According to World Vision, 3,000 homes were looted and burned by soldiers during the conflict. In the south part of the town, where most of the destruction occurred, a scene of despair surfaces. Grass has grown to surround the devastated homes in the months since owners abandoned them in a wave of fear and confusion. Some people will never return.
These pockets of devastation are constant reminders of the recent conflict, which claimed over 100 lives. People living in Ankoro fear that fighting may break out yet again. This will have severe consequences for food delivery to the region.
"All of a sudden we heard gunfire. When we came back to our houses, we found they had burned down," says resident Kabange Koy who fled his home with his family when the conflict erupted. "We had no time to take anything with us," he says.
Many families fled into the surrounding jungle where they scavenged on anything they could find. According to one resident, there are still people living in the bush. "Some people are too afraid to go back to their homes," says Kabange.
Local residents and internally displaced people who fled to Ankoro from surrounding areas have set up temporary shelters alongside each other. Before, it was the local people who had land, who had tools and a place to call home. Now, few people - whether local or foreign - can claim not to be affected by hunger and displacement.
Families were scattered throughout Ankoro town and surrounding villages over the course of the conflict. According to one MONUC observer, it has taken three months for people to return to the town, which was completely abandoned last year.
Health conditions in Ankoro are very poor. It is estimated that 40% of children aged 0-5 in Ankoro town and surrounding areas are malnourished. Child malnutrition is a serious problem in Ankoro. Household food availability is very low and parents, weakened by malnutrition themselves, are unable to work. Children are not able to get essential nutrients in the critical early stages of life.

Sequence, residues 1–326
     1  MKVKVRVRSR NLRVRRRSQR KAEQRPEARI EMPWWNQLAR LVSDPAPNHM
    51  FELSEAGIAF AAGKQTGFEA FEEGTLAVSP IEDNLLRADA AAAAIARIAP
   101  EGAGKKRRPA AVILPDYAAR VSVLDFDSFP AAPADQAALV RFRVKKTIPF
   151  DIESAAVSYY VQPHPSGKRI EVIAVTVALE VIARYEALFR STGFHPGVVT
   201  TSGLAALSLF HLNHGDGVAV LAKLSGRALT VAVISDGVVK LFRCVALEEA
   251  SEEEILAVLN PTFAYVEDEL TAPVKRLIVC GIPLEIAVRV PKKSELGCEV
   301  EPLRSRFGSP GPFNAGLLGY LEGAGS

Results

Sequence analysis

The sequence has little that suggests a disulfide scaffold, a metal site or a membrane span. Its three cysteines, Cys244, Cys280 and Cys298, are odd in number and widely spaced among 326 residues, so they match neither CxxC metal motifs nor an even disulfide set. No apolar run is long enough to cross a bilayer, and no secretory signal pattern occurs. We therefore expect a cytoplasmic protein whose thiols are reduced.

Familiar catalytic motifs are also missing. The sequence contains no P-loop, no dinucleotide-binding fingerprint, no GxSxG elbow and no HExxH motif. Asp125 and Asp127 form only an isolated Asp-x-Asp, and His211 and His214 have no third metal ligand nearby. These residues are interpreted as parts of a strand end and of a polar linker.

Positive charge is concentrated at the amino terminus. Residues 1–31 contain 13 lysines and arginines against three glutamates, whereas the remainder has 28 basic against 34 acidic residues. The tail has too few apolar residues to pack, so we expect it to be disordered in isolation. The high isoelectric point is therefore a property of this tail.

Most families I spoke with only ate one meal a day if they could find food. "All the children in this camp have grown thin because of the food situation," says Nsange Area, a local resident in Ankoro. Nsange was shot in her leg by one of the soldiers. One of her children was killed.
Nsange's children are trying to find work, as she is debilitated by her leg injury and can no longer farm. Before their house and field were destroyed, the family was able to live off the harvest they produced. Now they have to go to the hospital nearby just to get a little porridge. One of Nsange's neighbours shows me what they are eating that day: a small portion of boiled cassava leaves. Nsange has set up a temporary shelter with her children, but she says she has no sheeting for the roof. She says her children are cold at night because they have no blankets. Before they moved here, they were sleeping at the abandoned schoolhouse.
Many of the families I spoke with complained that their children were getting sick. "The children are sick very often," says Kabange Koy. He mentions malaria, measles and piles as common problems. Kabange and his family stay with 30 other people in a small compound where sanitation conditions are poor.
40-year old Mwamba Ngwalo says that his four-year old son was sick with cholera for a month. Families living here do not have access to safe water. Many children also suffer from schistosomiasis, a water-born illness that can lead to anaemia.
There is only one general hospital in Ankoro that targets at least 225 000 people. The hospital receives 20 to 30 cases of severely malnourished children a day. But many people who are living in the surrounding areas cannot access the hospital, which also does not have a vehicle to go to them.
The hospital is completely run-down. Women are sitting on the floor of the paediatric ward, since soldiers stole all the mattresses. The hospital lacks basic medical equipment. The medical laboratory only has one microscope and it is very old. The surgery theatre also lacks equipment. The staff are paid irregularly. "We are working in very harsh conditions," the hospital administrator tells us.
The hospital receives about 600 consultations a month. The main health complaints are malaria, anaemia, respiratory infections, measles, water-related sicknesses and malnutrition. According to Colleen Taylor, Nutritionist for World Vision DRC, any slight illness can be fatal in a malnourished child, whose defences are very weak. World Vision and Medicine Sans Frontieres (MSF) have been assisting the hospital, but MSF will be leaving at the end of February.
Education is also a serious need in Ankoro. One of the schools in the south was looted and burned by soldiers. Doors and windows are missing and the walls are covered in graffiti. Students have to sit on the dirty floor because there are no school desks. "Conditions are very difficult," says headmaster Benard Mukalay. "The teachers haven't been paid. It is difficult to get school supplies, even chalk. Parents have no money to pay school fees." Many students have not returned to school since the fighting broke out. Now, many children have to stay at home to help their families.